The Kansas City Police Department and the Kansas Bureau of Investigations is receiving grant money to help cut down on its rape kit backlog.
“It’s a huge benefit to our community in general,” said Julie Donelon, the President and CEO of the Metropolitan Organization to Counter Sexual Assault.
Donelon said rape kit testing helps to bring justice to survivors and is used as a modern day crime-fighting tool.
"There have been many cases in MOCSA, where someone has come forward, and reported a rape and later on found out that the DNA matched someone else who had been sexually assaulted and so we were able to use that in the investigation and in the prosecution of that person."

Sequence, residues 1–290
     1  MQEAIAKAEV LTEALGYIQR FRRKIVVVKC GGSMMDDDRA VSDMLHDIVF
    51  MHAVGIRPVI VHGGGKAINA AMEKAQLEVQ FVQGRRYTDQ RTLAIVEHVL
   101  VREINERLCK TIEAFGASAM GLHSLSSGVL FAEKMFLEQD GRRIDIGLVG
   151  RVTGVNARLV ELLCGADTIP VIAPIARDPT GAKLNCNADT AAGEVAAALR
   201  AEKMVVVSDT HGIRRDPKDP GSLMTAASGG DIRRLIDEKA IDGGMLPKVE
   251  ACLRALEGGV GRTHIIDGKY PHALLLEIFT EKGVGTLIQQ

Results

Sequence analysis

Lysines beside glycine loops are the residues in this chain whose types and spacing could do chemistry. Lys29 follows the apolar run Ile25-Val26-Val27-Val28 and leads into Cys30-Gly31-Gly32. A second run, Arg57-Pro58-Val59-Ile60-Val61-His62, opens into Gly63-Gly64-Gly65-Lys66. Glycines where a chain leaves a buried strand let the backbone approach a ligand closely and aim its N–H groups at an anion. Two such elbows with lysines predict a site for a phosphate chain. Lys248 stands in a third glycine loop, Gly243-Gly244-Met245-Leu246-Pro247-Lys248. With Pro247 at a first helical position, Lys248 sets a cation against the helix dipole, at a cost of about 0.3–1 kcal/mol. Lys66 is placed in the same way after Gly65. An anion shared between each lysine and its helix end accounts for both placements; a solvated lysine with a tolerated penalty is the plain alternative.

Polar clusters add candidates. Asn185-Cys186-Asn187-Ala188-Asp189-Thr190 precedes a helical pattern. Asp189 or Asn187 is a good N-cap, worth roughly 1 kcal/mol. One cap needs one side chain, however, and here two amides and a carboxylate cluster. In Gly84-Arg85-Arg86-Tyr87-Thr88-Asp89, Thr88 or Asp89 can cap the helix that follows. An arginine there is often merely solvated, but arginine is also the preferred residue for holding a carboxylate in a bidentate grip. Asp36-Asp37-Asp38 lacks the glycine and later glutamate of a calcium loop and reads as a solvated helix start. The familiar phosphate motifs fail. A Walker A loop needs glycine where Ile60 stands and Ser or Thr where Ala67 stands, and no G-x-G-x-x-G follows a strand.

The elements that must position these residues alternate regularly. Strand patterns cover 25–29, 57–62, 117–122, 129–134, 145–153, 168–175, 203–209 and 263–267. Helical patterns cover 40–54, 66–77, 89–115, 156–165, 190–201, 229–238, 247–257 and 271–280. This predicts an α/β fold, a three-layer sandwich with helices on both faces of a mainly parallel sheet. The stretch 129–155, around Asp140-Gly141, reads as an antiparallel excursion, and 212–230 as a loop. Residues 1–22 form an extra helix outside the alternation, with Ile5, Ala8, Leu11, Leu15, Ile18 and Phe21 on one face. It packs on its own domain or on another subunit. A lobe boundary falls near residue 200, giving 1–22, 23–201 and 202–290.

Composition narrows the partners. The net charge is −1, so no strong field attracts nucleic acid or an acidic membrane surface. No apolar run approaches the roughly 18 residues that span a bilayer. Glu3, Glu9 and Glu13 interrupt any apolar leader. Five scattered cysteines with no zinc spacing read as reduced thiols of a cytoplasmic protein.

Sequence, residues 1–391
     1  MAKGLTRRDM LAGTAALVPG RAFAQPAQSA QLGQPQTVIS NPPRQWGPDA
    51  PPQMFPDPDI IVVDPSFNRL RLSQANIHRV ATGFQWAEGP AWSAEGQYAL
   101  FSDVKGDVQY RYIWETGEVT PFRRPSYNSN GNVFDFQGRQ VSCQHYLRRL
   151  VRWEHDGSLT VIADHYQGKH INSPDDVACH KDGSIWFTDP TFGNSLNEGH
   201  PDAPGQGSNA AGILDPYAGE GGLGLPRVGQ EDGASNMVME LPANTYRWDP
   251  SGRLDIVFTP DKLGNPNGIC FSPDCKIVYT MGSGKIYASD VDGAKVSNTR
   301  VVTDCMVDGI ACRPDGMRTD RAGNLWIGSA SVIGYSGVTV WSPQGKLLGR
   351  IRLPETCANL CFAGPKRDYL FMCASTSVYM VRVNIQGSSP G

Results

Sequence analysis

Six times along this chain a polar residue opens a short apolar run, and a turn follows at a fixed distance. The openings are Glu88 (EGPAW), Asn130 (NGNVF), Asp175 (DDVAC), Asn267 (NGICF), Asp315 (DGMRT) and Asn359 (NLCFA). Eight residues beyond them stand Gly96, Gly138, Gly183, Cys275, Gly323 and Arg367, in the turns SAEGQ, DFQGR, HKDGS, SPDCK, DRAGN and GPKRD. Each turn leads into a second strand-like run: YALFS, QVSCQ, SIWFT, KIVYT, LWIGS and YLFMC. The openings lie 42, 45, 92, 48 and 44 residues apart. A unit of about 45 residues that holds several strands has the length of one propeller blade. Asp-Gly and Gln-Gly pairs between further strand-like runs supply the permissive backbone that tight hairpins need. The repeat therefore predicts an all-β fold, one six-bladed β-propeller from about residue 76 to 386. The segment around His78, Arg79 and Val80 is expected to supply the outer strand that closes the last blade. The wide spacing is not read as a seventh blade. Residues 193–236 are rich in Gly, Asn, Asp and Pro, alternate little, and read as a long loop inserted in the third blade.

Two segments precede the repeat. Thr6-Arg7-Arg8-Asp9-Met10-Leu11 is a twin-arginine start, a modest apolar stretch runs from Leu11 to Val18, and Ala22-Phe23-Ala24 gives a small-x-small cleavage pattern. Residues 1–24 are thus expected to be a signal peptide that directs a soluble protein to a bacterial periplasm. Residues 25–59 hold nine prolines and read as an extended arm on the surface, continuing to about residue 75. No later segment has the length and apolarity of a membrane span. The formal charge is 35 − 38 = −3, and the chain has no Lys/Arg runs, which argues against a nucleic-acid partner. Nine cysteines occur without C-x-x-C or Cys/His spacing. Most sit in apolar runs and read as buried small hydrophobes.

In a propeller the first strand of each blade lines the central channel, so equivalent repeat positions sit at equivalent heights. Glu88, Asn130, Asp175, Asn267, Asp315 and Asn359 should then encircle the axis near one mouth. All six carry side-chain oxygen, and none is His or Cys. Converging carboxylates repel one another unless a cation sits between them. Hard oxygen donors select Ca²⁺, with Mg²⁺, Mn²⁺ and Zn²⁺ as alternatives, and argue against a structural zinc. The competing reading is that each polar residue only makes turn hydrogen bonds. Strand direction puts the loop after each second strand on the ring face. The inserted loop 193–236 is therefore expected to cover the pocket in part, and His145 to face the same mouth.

As of May 2015, KCPD had roughly 1,300 rape kits sitting on its shelves.
KCPD will receive $337,197 for rape kit testing and KBI will receive $2.1 million.
From hair collection to finger nail scrapings, the small kit provides critical evidence.
“We need funding to make sure there are detectives to work those cases. If you think about Kansas City alone, that's 1,300 cases, now we need that support for those detectives,” said Donelon.
Lexi Sutter can be reached at email@example.com .